Twilight behind bars

October 22, 1995|By Kate Shatzkin | Kate Shatzkin,SUN STAFF

"Fingers" has done the math.

He figures it costs the state of Maryland $105,000 a year to keep him here in the hulking House of Correction in Jessup: to cut away his cataracts, to fend off his heart attacks, to tend the 72-year-old body of a lifelong thief.

Let him out, and the federal government would pay about $4,800 a year in Supplemental Security Income benefits that are cut off every time Fingers, known in his voluminous court files as Edward Scott Hodgester, goes to prison. "That's a $100,000 savings," harrumphs the great-grandfather serving 10 years for burglary. "Do you need me in jail?"

It's the multimillion-dollar question of the moment, as state officials tackle the task of figuring out how to keep taxpayers from footing monstrous bills to keep a growing criminal population behind bars.

In announcing recently that he does not intend to parole inmates with life terms for murder and rape, Gov. Parris N. Glendening said he would make exceptions for prisoners who are old or terminally ill. The governor also announced a plan to come up with different ways to deal with "nonviolent" inmates, who might be housed less expensively through home detention programs, halfway houses or other alternatives to prisons.

Studies have shown that convicts tend to mellow as they grow older, and that they have a less than 10 percent probability of committing crimes after age 55.

And it can be frightfully expensive to care for elderly prisoners. While prison officials can't verify Fingers' calculation of what he costs, they do know that it takes $25,000 to $30,000 to pay for the average Maryland prisoner each year, and that studies have shown older prisoners often cost three times that.

In an oasis from the cacophony of the House of Correction, called M-dorm, a collection of 46 men shows just how individual -- and how complex -- these evaluations can be.

There, Fingers is among a group of men over 50 marking time. Along with him are inmates like Gordon Gaskins, serving life for a 1967 murder he calls a robbery that got out of control; Herbert Barnett, convicted of attempted murder, expecting AIDS to take him before old age; Floyd Taylor, convicted of attempted rape, who hopes to start a senior citizens' program to increase awareness of older prisoners.

About 3.6 percent of Maryland's 21,000 prisoners are over the age of 50, the point at which the National Institute of Corrections defines someone as old. Other than M-dorm and a unit for the disabled at the minimum-security Roxbury Correctional Institution in Hagerstown, there are no geriatric facilities for prisoners, and no plans to create them.

No options

"We don't have an option," said Jonathan Turley, a law professor at George Washington University who heads a program that seeks parole and alternative placements for older prisoners. "The question today is not whether someone will be released, but who?"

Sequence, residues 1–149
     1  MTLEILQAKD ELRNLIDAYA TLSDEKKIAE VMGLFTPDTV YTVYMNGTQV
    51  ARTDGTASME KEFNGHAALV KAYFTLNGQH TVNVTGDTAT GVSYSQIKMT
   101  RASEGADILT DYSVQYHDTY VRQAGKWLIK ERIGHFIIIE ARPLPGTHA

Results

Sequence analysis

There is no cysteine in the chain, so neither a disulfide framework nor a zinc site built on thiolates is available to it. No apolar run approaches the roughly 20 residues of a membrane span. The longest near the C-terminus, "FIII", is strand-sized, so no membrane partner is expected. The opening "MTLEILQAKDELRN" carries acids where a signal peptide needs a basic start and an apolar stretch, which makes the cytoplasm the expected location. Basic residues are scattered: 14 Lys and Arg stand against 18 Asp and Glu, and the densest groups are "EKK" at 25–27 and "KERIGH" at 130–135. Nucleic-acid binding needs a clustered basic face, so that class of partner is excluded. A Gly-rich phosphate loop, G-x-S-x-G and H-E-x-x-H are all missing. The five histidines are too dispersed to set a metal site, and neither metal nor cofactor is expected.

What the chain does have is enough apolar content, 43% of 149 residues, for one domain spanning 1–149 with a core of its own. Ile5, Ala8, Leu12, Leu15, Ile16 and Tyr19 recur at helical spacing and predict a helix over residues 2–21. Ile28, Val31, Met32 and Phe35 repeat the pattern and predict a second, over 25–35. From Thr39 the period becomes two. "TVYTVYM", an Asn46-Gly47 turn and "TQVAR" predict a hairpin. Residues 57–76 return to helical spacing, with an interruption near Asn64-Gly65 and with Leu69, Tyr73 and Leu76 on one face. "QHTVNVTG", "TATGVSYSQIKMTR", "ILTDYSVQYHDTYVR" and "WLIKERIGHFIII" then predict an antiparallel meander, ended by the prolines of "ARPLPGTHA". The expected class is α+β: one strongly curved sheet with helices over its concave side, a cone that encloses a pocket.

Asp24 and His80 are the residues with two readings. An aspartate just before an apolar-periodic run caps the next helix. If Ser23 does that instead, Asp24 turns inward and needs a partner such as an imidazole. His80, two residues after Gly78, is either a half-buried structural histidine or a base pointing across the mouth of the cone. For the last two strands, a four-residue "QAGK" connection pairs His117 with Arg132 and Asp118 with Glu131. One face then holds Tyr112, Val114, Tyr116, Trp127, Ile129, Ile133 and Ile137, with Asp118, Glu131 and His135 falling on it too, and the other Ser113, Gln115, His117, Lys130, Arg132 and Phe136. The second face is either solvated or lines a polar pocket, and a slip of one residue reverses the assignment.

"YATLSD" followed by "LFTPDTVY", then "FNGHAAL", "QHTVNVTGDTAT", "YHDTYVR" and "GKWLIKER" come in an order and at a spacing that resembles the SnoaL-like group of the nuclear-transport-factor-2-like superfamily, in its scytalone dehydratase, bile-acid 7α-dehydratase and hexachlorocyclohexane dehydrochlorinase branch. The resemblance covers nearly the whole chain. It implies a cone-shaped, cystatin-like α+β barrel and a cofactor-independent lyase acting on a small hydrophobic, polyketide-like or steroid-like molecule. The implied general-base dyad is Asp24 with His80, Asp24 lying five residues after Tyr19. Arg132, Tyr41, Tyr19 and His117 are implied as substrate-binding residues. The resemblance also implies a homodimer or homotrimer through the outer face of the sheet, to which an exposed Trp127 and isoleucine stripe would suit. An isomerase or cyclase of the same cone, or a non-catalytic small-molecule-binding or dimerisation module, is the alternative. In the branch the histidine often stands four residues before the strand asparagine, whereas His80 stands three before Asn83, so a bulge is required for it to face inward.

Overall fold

But there are other questions. Who is old? Who is risky? And how does one decide?

According to Division of Correction records, none of the five oldest inmates in the system is serving a life sentence. All have sentences of less than 15 years, for crimes ranging from battery to second-degree murder.

The oldest inmate in Maryland's system, Albert Dingis, is 88 and living at the Eastern Correctional Institution on the Eastern Shore, according to prison records. He has been there for the past three years on a charge of theft -- for which he was convicted at age 85. Records indicate he has been in prison before. (He declined a request for an interview.)

"When our folks started taking a look at the folks we had who were old folks, we were taken aback," said Dr. Anthony Swetz, an assistant commissioner for the Division of Correction.

A recent experiment, in which corrections and parole officials reviewed the cases of 200 of the oldest and least violent inmates for possible release, yielded only a few worth banking on, said Maryland Parole Commission Chairman Paul J. Davis. He thought more would have qualified.

On this tier, some men are serving time for murders older than the guards who watch over them. A few have been locked up only recently, and for the first time. Others, like Fingers, are doing life on the installment plan.

Life in M-dorm

To live in M-dorm, you must be at least 50. The men play cards and pool, and protect each other from the increasingly young and dangerous inmates in the 1,197-man population at the place residents call "The Cut."

They rise early -- breakfast is at 5 a.m., lunch at 11 a.m. In between, those who can work at prison jobs do so. On weekends they play pinochle and bridge in the dorm.

Four private showers are available for 46 men. The dilapidated stalls are still a luxury when compared with the group showers other prisoners use.

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